Sestus Data Corporation announced the discovery of a vulnerability of the Passmark Sitekey login approach at Bank of America that could permit an attacker to remotely lock out thousands of customers from their online banking accounts.
The vulnerability announced today is similar to a “denial of service” attack in that it permits an attacker to remotely “lock out” customers from their online accounts, potentially overwhelming the bank´s customer support lines with calls from frustrated customers. Sestus Data also warned that this vulnerability is not unique to Passmark Sitekey or Bank of America, but is a vulnerability of the underlying challenge question / response approach to authentication used at many banks.
In the case of Passmark Sitekey at Bank of America, Sitekey requires customers to enter their account login ID first, before the website has been authenticated to the customer. This process has been highly criticized by the FFIEC for its potential to permit fraudsters to use counterfeit websites to gather legitimate preliminary login IDs for use in future attacks.
Next, Sitekey attempts to locate a “device ID” on the customer’s computer. In the absence of a device ID, however, Sitekey prompts the customer to supply the answers to personal questions, such as “What is your mother’s maiden name”. If the customer answers the questions incorrectly, BofA will lock up the account and require the account owner to call customer service to have their account “reset” or released.
Originally designed as a security feature, Sestus Data Corporation reports it appears this “lock out” process can be exploited by malicious hackers to remotely lock out customers from their accounts en-masse, or used by fraudsters in a hybrid lock out/phishing attack to access the actual account.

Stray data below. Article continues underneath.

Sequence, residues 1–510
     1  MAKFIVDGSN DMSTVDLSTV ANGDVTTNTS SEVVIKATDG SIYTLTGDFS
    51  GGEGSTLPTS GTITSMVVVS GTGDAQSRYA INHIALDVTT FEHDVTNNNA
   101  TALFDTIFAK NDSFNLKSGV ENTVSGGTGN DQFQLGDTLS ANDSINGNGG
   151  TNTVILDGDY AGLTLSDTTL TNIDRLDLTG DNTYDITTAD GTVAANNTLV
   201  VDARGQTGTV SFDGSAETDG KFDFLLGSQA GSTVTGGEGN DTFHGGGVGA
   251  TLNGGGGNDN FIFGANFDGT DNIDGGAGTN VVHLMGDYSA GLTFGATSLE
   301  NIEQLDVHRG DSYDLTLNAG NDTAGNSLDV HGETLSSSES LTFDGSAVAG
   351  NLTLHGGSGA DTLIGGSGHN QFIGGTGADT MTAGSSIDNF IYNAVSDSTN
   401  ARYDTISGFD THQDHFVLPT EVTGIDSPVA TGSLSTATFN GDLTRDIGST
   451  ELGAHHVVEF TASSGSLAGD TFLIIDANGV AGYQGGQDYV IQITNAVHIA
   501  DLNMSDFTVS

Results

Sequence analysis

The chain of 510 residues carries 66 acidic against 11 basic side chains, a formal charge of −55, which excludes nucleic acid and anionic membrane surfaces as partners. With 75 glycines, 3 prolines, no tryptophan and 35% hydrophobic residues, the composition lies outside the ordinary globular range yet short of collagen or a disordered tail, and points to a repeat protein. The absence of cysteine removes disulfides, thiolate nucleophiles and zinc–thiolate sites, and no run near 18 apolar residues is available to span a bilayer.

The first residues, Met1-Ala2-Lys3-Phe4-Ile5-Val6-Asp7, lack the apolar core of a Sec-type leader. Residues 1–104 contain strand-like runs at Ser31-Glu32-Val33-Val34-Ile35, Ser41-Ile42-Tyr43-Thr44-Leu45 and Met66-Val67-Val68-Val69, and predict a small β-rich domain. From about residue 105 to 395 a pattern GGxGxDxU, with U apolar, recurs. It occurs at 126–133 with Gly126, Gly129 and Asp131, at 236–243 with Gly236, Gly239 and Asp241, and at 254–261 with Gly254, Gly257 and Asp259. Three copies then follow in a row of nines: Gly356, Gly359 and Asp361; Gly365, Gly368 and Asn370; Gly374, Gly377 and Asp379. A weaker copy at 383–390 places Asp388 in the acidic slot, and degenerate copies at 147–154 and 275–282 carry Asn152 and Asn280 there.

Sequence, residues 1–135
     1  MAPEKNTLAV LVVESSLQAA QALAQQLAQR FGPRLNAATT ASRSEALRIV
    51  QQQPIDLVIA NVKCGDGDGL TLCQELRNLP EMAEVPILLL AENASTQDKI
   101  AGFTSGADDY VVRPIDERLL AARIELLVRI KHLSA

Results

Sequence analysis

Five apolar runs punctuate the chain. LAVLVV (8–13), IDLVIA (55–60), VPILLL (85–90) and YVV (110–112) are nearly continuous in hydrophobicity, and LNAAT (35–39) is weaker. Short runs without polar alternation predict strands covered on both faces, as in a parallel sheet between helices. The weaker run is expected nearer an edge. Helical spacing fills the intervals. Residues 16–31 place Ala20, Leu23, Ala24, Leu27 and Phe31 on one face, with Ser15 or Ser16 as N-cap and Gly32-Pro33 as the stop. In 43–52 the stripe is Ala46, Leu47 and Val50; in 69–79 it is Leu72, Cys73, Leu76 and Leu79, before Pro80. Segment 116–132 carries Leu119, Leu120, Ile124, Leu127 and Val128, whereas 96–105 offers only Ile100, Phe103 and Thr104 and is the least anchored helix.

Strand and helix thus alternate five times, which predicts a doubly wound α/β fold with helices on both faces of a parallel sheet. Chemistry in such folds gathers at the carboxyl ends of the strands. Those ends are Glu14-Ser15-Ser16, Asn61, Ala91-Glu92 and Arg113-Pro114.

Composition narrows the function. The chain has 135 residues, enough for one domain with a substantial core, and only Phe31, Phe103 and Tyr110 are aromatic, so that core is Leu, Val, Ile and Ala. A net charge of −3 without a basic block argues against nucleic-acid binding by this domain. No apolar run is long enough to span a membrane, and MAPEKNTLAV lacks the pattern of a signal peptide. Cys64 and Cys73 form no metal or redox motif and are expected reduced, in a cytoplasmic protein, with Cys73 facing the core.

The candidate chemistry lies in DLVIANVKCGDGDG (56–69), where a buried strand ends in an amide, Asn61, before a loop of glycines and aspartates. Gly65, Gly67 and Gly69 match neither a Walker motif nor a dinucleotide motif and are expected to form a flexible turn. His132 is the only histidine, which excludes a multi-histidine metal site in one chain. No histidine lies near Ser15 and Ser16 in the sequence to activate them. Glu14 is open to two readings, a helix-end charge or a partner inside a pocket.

Sestus Data described three scenarios for this lock out attack but cautioned that many more scenarios are possible:
Dictionary Based Attack – This attack scenario would involve the use of a dictionary database and a simple scripting program. The attacker would first obtain a database of words used as typical login IDs. Such databases are easily obtainable online.
Casual Attack – In a less sophisticated version of this attack, a casual malicious attacker could simply go to their public library and begin testing random (or stolen) words against BofA´s webpage, and then supply invalid answers for every valid ID discovered.
Hybrid (lock out/Phishing) Attack – In a more insidious version of this attack, an attacker could combine this lock out attack with a traditional phishing attack to actually gain access to the customer’s account.